held the line. By 46 BCE Julius Caesar declared himself dictator for life, ending the
republic. Two years later other members of the Senate stabbed him to death in hopes of
restoring the republic. Instead, after 13 more years of civil war, Caesar’s adopted son,
Octavian, known as Augustus, took the throne and ruled for 45 years Roman virtually
The empire reached its height in the first two centuries of the Common Era. From 27
BCE to 180 CE, a time known as the Pax Romana, or Roman Peace, Roman leaders
controlled about 130 million people across an area of about 1.5 million square miles,
from a city of 1 million people. Roman roads linked all parts of the empire. Roman law,
which featured key concepts such as the principle that the accused are innocent until
proven guilty, was administered everywhere.
Under Roman law men had most of the rights, as was also the case in Greece. The
father of the Roman family could arrange the marriages of his children, sell them into
slavery, or even kill them without punishment. Roman law limited women’s rights to
inherit property and assets, but some clever individuals managed to skirt this law.
Like all agrarian civilizations of its time, Romans made use of slave labor — but on a
larger scale than most. No reliable data exist, but at the height of the empire maybe
one-third of the population were slaves; an emperor alone might have about 20,000
slaves. In 73 BCE an escaped slave, Spartacus, assembled 70,000 rebellious slaves;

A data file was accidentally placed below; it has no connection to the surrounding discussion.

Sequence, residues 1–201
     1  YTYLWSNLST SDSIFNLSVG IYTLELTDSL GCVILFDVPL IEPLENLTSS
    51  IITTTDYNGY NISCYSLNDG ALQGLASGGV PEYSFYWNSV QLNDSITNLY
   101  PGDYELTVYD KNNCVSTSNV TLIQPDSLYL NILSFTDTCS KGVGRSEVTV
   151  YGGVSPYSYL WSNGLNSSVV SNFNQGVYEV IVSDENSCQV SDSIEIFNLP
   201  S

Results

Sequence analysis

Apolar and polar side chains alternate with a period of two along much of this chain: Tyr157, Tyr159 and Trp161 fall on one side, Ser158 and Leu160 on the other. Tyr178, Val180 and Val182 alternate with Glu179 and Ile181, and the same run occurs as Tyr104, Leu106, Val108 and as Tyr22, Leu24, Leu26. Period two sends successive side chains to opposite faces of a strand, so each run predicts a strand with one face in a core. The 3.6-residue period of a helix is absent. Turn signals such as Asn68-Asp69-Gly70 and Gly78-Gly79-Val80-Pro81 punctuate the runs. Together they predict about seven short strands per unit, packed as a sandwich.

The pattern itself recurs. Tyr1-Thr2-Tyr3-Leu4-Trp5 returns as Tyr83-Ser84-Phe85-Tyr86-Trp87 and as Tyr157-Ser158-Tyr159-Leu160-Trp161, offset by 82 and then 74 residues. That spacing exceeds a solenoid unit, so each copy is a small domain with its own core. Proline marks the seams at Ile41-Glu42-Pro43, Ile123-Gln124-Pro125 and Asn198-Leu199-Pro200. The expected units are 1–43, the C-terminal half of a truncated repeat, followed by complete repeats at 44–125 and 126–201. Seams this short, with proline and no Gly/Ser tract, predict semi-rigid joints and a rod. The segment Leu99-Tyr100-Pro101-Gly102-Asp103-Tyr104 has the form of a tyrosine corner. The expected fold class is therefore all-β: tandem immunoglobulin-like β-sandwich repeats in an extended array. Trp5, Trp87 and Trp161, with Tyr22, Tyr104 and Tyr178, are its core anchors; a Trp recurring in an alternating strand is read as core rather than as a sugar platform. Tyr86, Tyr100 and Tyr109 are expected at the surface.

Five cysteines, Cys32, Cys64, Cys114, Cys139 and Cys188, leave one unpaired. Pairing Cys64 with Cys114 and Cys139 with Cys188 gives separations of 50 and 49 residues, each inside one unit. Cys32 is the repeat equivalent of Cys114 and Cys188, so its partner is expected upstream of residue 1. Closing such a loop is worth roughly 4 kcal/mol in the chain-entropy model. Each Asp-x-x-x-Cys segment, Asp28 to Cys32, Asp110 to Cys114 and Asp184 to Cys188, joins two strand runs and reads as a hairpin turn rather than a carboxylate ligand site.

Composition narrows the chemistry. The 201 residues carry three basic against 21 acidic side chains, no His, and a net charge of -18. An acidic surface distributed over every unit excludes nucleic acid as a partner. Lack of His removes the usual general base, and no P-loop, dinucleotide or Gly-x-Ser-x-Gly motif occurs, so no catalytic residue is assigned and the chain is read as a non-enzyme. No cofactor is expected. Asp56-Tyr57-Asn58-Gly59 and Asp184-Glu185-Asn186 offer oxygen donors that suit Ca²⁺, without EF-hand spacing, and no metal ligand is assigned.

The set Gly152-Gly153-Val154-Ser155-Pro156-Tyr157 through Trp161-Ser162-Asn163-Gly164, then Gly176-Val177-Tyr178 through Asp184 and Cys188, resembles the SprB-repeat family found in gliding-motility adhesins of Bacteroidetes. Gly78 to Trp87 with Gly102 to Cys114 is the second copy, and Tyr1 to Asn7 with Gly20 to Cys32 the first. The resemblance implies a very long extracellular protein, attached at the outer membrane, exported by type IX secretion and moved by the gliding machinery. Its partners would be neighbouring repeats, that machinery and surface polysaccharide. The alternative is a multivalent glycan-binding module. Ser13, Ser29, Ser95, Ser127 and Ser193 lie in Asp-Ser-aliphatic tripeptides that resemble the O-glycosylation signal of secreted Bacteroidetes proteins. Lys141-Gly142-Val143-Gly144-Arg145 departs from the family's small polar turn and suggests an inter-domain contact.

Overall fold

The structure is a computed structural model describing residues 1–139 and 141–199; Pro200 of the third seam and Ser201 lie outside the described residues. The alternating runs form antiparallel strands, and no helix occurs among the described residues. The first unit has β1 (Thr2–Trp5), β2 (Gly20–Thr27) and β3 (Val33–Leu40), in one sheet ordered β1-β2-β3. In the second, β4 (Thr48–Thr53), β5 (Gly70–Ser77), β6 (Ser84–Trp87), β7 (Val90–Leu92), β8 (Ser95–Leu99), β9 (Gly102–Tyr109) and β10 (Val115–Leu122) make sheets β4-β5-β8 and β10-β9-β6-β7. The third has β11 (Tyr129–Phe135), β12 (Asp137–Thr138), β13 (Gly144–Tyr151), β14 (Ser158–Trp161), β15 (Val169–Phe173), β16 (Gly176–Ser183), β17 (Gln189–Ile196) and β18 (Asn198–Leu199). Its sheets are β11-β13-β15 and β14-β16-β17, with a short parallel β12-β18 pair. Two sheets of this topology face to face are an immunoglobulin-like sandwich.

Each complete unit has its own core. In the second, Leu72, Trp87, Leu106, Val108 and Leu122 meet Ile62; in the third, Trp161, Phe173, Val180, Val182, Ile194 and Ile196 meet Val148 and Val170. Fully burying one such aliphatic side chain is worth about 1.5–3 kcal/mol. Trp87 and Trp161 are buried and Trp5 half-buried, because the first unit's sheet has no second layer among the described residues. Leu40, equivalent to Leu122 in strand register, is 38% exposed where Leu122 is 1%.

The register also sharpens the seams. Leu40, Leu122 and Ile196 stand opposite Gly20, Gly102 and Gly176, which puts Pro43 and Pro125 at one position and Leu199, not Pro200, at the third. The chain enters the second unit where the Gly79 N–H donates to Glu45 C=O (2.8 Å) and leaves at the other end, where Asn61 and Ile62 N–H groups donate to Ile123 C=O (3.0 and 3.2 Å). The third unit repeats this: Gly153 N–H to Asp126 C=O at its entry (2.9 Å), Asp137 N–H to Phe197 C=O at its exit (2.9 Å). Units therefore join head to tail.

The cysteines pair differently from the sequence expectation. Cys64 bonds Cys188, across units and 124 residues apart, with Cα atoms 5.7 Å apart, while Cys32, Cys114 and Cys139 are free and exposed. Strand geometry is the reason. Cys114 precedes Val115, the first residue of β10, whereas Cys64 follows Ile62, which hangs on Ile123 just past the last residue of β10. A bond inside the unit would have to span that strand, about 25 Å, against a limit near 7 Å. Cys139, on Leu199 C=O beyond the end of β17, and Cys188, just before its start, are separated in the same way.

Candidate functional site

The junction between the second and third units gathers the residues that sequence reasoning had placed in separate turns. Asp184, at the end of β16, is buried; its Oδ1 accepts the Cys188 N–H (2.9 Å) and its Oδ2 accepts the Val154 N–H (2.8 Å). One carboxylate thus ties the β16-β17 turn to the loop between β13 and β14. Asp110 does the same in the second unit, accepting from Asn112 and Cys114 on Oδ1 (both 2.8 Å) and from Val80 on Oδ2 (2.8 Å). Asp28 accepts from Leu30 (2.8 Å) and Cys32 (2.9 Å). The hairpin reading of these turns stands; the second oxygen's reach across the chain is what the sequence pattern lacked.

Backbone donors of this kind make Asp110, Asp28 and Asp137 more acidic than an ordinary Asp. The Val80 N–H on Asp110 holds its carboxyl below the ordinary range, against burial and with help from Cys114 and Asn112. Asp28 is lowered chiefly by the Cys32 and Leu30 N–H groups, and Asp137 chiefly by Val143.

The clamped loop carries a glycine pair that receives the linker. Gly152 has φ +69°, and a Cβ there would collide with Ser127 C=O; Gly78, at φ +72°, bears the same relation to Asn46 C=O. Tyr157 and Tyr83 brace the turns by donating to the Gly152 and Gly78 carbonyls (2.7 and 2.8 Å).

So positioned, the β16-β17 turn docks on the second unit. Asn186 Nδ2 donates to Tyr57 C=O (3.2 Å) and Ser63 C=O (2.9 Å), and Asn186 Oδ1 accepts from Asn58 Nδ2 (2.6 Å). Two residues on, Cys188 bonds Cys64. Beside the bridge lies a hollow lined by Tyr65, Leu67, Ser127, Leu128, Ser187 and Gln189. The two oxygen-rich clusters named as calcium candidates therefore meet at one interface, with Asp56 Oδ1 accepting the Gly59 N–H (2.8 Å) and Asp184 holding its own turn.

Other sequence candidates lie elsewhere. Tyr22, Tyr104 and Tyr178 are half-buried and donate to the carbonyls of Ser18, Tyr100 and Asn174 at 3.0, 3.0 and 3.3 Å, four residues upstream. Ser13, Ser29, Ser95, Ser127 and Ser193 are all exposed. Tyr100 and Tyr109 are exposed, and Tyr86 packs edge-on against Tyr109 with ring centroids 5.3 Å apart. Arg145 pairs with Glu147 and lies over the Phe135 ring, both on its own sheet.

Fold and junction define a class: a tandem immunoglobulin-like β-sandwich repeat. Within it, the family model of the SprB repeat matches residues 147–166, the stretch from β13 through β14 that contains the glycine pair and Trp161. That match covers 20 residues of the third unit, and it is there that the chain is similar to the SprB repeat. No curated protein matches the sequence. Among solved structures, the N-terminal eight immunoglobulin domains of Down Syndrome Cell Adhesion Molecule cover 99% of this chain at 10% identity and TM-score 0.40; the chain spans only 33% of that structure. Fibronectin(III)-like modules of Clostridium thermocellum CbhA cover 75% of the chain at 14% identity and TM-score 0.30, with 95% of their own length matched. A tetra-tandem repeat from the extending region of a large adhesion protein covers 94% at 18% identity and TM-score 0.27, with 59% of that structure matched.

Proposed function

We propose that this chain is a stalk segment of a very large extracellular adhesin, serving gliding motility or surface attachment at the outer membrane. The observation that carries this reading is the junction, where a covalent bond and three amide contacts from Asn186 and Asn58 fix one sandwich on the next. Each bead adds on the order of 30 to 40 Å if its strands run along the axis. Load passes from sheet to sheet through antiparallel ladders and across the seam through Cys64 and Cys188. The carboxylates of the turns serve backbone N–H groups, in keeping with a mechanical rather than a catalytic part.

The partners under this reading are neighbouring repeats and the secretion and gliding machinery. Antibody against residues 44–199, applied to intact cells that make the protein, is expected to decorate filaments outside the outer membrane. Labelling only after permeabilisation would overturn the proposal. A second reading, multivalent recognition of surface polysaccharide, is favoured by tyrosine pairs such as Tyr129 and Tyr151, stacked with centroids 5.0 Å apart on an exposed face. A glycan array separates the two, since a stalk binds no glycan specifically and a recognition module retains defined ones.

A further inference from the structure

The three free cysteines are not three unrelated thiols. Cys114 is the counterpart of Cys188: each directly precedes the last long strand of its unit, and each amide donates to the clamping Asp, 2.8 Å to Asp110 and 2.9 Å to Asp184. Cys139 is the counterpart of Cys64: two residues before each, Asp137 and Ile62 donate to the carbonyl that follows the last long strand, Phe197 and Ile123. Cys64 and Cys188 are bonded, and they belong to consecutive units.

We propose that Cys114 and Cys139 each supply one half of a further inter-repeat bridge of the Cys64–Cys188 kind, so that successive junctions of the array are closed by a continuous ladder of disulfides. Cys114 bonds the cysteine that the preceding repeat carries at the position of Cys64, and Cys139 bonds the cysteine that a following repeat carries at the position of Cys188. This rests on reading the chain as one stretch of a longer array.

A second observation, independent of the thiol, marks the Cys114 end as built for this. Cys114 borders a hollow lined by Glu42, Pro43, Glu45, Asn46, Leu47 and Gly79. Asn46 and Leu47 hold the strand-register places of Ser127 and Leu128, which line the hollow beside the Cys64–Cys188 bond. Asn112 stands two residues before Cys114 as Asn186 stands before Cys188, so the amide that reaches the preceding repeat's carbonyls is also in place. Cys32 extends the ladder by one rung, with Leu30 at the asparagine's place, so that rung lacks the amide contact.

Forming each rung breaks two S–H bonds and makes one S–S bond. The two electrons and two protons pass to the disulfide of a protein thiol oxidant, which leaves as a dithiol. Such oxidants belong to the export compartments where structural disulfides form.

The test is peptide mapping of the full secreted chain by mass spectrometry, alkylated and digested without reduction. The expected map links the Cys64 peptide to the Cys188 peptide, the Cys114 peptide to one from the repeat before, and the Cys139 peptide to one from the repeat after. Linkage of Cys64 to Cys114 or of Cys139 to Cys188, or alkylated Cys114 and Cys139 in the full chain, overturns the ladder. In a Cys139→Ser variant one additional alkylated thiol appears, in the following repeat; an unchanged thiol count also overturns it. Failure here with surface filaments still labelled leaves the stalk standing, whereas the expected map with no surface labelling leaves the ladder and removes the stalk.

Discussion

after several years Roman troops crushed them and crucified 6,000 survivors along the
Appian Way.
Romans put more of their creativity into roads, aqueducts (for carrying water), and law
than into philosophy and science, unlike the Greeks. In a way, though, the Roman
Empire was a vehicle for the spread of Greek culture. The Romans honored many gods,
renaming the Greek ones and taking them as their own. Roman statesman Marcus
Tullius Cicero (106–43 BCE) adopted a version of Stoicism, a Greek philosophy seeking
to identify universal moral standards based on nature and reason; Epicetus and Marcus
Aurelius further popularized it. The older mystery religions — the Anatolian rites of
Mithras and Cybele and the Egyptian rites of Isis — proved immensely popular in the
Roman Empire.
Out of a remote corner of the Roman Empire emerged a small sect that has become the
most widespread religion of today’s world — Christianity. The Romans conquered
Judea (modern Israel) in 6 CE. Jesus, whom Christians consider the Son of God, grew
up at a time of great tension between the Roman overlords and their Jewish subjects.